D.A.: What Will It Take For Jason Garrett To Get Fired?

How is it possible that Jason Garrett still has a job? Well, Damon Amendolara has a theory...

Damon Amendolara
September 11, 2018 - 2:25 pm

USA Today Images

The cold, hard Texas truth is so clear it's impossible to ignore any longer. Jason Garrett is an ineffective coach. His offense is sputtering. His quarterback is regressing. He's won a single playoff game in nine years at the helm. In a town that is desperate for a winner, a team that is nationally renown, an owner that is traditionally impatient, how is it possible he remains on the sideline? 

Simple. Garrett is really good at politics. 

Jerry Jones recently crowed over the obscene amount of money he would pay to win another Super Bowl. It's been a long 23 years since the Cowboys hoisted the Lombardi, a brutal stretch that has witnessed most of the lowest moments in franchise history. Quincy Carter. Chan Gailey. Drew Henson. Dave Campo. Chad Hutchinson. Tony Romo's bumbled snap in Seattle. Going one-and-done as the top seed in '07 and '16. The Week 17 "win and in" choke jobs. It's been a relentless drumbeat of disappointment. 

Jerry has thrown money at problems. He's signed win-now free agents. He's built palatial stadiums and opulent practice facilities. He's tried to draft home run hitters. Jones has been anything but apathetic in his quest for success. But Garrett's near decade of dreariness doesn't square with that urgency to win. In seven full seasons of coaching, Garrett has only three winning seasons. He's been to the postseason only twice. He owns one (one!) postseason victory, and that was as a beneficiary of a timely, questionable flag. Barry Switzer won a Super Bowl and was ushered out. Wade Phillips never had a losing season and was shown the door. Tom freakin' Landry, living legend and civic icon, was unceremoniously dumped. How could Garrett survive so long?  

He's great at being an ally to the Jones clan, that's how. It's the only explanation. Garrett doesn't mind playing front-facing puppet of Jerry. He doesn't fight with the owner. He'll take all the bullets. While the old owner says crazy, zany things into microphones every week, Garrett never criticizes him, never asks him to tone it down. When Jerry wants to take Johnny Manziel in the first round, he lets the family battle it out without getting involved. When the organization drafts defensive liabilities, character questions, he never blinks. When the cupboard is bare, he makes no excuses. He demands nothing. He's usually affable with the media. He has little ego. He plays nice in the sandbox. He's the type of guy who brings extra juice boxes to the picnic, and drives you home when you've had a few too many beers. But when he's angry and yelling, "Goshdarnit!" as the garbage truck runs over his flower bed, you can't help but laugh.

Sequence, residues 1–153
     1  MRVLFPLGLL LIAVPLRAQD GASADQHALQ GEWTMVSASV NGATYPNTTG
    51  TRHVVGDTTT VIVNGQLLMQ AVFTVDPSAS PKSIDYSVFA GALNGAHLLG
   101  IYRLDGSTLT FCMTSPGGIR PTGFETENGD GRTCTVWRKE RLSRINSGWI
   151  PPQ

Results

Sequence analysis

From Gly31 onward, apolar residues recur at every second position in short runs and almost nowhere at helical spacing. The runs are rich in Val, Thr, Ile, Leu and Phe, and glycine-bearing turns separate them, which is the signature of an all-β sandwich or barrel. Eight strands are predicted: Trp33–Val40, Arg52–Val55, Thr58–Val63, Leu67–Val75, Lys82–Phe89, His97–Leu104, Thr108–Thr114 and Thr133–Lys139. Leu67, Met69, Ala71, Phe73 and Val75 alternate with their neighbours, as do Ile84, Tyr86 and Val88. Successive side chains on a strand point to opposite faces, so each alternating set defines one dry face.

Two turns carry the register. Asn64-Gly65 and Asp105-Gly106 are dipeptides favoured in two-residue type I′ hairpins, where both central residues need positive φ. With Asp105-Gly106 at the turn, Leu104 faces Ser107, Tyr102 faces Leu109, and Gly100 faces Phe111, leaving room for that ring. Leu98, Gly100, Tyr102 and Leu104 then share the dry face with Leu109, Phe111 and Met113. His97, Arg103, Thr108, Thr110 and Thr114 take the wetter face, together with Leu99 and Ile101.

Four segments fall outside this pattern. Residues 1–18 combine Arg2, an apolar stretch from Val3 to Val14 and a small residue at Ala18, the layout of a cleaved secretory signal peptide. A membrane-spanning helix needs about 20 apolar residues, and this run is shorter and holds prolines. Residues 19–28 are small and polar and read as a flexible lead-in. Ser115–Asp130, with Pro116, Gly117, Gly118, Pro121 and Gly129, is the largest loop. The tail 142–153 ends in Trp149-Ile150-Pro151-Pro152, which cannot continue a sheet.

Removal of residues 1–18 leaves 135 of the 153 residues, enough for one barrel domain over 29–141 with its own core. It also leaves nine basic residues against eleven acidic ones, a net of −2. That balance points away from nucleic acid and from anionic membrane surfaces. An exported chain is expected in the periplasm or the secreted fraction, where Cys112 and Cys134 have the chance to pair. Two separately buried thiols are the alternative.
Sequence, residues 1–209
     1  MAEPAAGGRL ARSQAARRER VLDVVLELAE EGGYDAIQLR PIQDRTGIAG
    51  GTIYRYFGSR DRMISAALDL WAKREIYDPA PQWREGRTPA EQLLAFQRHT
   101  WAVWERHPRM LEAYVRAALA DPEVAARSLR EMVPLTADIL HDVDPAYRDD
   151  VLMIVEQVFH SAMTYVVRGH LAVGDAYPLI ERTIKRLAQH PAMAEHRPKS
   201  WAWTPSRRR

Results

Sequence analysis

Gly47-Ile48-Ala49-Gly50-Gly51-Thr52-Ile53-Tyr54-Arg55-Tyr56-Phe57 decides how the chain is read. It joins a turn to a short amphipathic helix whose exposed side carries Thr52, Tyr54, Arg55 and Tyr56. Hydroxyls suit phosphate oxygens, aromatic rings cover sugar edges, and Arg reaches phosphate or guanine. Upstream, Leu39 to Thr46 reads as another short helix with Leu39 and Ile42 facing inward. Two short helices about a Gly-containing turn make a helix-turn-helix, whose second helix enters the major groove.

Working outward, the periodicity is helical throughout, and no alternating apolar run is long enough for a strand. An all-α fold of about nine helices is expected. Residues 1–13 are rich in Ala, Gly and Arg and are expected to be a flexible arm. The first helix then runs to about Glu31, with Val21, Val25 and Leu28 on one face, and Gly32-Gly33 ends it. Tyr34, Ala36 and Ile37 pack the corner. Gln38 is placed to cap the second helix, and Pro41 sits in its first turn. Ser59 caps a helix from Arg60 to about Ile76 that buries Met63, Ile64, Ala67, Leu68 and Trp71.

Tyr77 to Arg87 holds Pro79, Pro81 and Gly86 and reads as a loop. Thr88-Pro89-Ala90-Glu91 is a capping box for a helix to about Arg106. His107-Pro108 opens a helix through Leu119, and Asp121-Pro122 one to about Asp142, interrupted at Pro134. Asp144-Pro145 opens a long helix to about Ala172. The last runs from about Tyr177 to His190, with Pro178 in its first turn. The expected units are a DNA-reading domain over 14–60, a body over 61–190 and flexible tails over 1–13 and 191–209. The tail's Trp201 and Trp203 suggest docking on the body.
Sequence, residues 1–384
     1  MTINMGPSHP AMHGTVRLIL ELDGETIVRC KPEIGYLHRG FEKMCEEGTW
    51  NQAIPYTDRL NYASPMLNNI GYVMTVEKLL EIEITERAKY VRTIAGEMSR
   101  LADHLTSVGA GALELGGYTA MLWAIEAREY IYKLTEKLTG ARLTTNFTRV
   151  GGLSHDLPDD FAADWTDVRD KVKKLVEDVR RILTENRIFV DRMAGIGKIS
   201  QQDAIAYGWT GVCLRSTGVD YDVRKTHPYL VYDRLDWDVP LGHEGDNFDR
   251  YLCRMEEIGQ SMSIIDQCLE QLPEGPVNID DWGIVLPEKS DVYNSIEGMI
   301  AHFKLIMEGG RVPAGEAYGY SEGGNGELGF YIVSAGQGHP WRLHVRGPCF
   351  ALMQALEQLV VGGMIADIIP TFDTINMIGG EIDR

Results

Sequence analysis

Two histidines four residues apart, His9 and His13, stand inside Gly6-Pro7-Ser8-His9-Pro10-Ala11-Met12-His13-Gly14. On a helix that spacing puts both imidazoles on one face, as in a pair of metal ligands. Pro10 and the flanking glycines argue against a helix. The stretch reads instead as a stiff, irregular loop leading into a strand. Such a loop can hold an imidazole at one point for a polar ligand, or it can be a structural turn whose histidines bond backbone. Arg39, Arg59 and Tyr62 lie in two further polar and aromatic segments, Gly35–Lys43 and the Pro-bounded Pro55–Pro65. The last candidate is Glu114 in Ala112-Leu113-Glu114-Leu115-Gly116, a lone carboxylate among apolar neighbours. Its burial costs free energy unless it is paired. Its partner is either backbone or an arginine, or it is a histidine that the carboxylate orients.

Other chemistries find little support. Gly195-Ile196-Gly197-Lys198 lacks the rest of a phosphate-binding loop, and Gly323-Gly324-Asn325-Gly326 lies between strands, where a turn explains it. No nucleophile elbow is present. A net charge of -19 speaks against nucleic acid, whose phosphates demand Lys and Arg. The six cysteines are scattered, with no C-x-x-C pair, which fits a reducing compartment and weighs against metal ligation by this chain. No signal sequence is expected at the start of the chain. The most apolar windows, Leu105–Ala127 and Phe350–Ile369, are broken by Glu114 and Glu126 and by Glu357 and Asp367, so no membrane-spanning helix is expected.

Watching "A Football Life" and its behind-the-scenes footage of Jerry's kingdom, NFL Films paints a very clear picture of a coach that is BFF with his owner. Romo, Jerry and Jason may as well be the trio from The Hangover movies. "We're the three best friends that anybody could have!" They formed a social club, a "slap each other on the back" golf trio. Jerry has always loved hanging out with celebrities while being one himself. His fawning over Romo reached uncomfortable levels by the end. Jerry also loves people who will tell him how great he is, and Garrett has become brilliant in that role. 

The two most successful runs in Cowboys history since Jones bought the team 30 years ago were under Jimmy Johnson and Bill Parcells. Neither lasted as long as the current coach has. Why? They refused to eat mud like Garrett does. They challenged Jerry, were alpha males, they were confident, accomplished, adamant in their beliefs. Jerry doesn't play that game. He's the big cat. He's the dictator. And those who challenge him will eventually be shown the door. Jerry is so sensitive to pushback he will make battles personal and wage war against a friend, as his lawsuit against Roger Goodell showed last year. 

So Garrett survives. The opener against the Panthers was as ugly as any Cowboys offensive effort in recent memory. Dak Prescott began his career on fire, but seems to get worse every year. The play-calling is unimaginative. The scheme is predictable. In a pass-happy league, the Cowboys look to pound you with a sledgehammer. Once upon a time, Garrett played quarterback and was lauded for his offensive acumen as a coordinator. Yet today that reads like a sick, ironic joke to Cowboys fans. Jason Garrett may be bad at his job, but he's great at friendship. And that's all that matters in Dallas. 


Damon Amendolara, known by his fans as D.A., hosts “The D.A. Show,” from 9:00AM-12:00PM, ET, across the country on the nation’s largest 24/7 major-market radio network. “The D.A. Show” is known for its unique perspective on sports, tongue-in-cheek sense of humor, colorful listener interaction, and candid interviews with athletes and coaches. Amendolara also appears regularly on NFL Network as part of the “NFL Top 10” documentary film series, CBS television and SNY TV. He is a Syracuse University grad and native of Warwick, N.Y.